Long-Term Effects of Childhood Head Injuries

The Los Angeles Times recently reported on a new study of childhood head injuries that had sobering results. The study tracked more than a million Swedes, some of whom had sustained a brain injury, including a concussion, prior to the age of 25, and some who had sustained no injuries. The findings of the study indicated that those individuals who had suffered any type of head injury in their early years were more likely to have a shorter and more difficult life than those who did not.

More specifically, young people who were treated in hospital for a single traumatic brain injury before the age of 25 were nearly twice as likely to be hospitalized for mental or psychiatric illness by the time that they reached their mid-thirties. These same individuals were 72% more likely to be unable to work and draw disability benefits. They also were 72% more likely to die before reaching the age of 36. Not only did the study compare data from these individuals, but they compared the data to that of both individuals in general and siblings who did not sustain a brain injury prior to the age of 25. Even as compared to the individual’s siblings, the individual who had one such brain injury was 57% more likely to have an in-patient psychiatric hospitalization, 49% more likely to draw disability benefits due to an inability to work, and 40% more likely to die by his or her mid-30s. Additionally, even after taking family circumstances into account, these individuals were more likely to fail to complete high school and/or receive welfare payments.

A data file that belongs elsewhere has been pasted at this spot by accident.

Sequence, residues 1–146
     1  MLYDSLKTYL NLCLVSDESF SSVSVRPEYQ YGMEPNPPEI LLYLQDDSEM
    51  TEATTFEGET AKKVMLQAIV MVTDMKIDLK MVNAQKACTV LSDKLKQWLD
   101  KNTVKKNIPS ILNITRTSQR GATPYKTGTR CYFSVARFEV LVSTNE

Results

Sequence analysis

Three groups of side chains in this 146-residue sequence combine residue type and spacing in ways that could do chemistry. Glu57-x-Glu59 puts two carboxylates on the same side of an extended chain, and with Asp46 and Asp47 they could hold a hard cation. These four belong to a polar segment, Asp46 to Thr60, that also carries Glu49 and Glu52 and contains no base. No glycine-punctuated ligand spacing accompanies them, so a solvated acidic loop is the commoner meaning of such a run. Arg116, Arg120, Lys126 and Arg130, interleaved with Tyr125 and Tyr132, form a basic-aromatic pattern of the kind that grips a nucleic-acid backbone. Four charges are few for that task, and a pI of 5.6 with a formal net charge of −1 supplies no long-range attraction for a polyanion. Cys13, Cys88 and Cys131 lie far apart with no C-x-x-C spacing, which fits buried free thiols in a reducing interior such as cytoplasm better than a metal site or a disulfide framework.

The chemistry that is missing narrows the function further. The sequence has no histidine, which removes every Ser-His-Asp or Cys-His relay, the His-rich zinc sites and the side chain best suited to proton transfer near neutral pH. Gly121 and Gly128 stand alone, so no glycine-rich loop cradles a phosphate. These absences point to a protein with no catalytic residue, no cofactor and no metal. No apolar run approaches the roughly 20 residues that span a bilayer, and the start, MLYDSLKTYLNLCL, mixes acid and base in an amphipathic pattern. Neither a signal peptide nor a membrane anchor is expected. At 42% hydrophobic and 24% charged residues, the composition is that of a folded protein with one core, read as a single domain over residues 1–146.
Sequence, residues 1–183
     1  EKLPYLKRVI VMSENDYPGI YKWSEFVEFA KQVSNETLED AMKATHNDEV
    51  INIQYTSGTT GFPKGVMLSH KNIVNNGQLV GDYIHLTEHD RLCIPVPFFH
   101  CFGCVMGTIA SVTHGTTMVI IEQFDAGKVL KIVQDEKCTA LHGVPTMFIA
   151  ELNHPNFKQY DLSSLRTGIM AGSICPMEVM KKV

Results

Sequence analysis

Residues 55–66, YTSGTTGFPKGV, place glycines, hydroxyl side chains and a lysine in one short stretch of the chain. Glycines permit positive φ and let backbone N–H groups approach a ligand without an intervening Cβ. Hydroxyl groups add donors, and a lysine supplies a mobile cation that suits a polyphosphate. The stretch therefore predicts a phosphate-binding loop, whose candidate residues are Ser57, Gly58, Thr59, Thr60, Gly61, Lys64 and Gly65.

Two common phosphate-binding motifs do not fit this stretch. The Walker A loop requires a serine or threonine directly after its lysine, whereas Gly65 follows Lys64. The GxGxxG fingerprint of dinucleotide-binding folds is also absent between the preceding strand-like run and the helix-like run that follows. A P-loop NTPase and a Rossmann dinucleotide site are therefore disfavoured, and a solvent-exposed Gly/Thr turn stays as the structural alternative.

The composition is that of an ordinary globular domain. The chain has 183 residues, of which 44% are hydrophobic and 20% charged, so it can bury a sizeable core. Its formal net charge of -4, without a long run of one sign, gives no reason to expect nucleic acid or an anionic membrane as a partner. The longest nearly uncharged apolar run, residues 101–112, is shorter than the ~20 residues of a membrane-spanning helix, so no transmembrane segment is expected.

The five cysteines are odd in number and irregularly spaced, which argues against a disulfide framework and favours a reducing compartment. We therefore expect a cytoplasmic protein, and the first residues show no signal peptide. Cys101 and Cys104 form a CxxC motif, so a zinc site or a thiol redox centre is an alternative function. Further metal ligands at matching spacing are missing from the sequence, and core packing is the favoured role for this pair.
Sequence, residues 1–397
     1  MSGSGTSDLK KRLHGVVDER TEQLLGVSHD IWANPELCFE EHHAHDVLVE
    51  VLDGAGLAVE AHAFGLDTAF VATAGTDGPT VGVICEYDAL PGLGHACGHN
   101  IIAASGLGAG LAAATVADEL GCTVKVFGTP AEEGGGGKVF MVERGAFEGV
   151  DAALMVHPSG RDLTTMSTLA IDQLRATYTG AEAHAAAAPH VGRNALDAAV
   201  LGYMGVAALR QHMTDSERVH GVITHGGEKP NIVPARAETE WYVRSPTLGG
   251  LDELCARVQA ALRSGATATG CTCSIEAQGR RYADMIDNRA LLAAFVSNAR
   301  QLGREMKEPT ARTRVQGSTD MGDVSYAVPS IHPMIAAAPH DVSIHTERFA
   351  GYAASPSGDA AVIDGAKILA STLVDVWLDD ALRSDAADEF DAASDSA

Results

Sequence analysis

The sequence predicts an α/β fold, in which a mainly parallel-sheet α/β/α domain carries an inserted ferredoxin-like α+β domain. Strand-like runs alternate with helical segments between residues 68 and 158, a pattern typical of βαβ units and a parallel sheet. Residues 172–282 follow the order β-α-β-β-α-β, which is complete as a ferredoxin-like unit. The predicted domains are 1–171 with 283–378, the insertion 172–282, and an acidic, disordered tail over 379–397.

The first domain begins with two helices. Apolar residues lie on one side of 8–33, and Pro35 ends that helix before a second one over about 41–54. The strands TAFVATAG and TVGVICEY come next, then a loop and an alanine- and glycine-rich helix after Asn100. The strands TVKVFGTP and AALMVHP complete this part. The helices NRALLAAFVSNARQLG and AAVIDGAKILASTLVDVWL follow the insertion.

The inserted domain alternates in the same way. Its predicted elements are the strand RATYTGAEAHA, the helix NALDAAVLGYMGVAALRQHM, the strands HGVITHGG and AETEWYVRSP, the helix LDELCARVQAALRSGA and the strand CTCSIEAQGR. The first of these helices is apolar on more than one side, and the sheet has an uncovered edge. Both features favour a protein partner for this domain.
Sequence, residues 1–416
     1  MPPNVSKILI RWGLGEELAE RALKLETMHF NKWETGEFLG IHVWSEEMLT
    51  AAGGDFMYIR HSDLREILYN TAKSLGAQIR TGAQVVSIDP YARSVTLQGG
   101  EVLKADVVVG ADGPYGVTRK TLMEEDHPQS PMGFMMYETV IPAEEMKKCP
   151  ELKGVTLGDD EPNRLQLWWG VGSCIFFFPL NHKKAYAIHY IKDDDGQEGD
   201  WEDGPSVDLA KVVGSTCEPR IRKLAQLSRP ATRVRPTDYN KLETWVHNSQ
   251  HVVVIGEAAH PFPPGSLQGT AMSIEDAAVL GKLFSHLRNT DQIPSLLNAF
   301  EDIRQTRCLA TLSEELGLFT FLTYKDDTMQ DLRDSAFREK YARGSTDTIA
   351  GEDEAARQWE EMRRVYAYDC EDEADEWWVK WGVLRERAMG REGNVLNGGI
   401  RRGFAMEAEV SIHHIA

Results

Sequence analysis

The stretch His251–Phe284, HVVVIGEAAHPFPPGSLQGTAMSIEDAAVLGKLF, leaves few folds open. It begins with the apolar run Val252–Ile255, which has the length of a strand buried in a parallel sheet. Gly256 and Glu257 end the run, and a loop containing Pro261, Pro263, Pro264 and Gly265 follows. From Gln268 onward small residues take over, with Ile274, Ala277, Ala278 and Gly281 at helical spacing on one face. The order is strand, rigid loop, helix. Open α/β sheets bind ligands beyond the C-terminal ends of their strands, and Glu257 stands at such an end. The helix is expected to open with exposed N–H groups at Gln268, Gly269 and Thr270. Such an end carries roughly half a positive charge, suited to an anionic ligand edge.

The study followed over 100,000 Swedes who were diagnosed and suffered a brain injury prior to age 25, as well as a total of over one million individuals. About 77% of these injuries were categorized as mild traumatic brain injuries, or concussions. The results of this study are particularly alarming in light of the fact that in 2009, almost a quarter-million U.S. children under the age of 19 were diagnosed with and treated in hospitals for head injuries related to sports and recreational activities. These figures represent a 57% increase over an eight-year period.

As this post indicates, head injuries can have a significant impact on an accident victim’s life for years to come. Therefore, you must take steps to ensure that your head injury is properly documented and that you receive all of the compensation to which you are entitled when you have suffered a head injury due to another’s negligence. For more information about how to properly handle your personal injury claim, contact the Wisconsin personal injury lawyers of Boller & Vaughan today.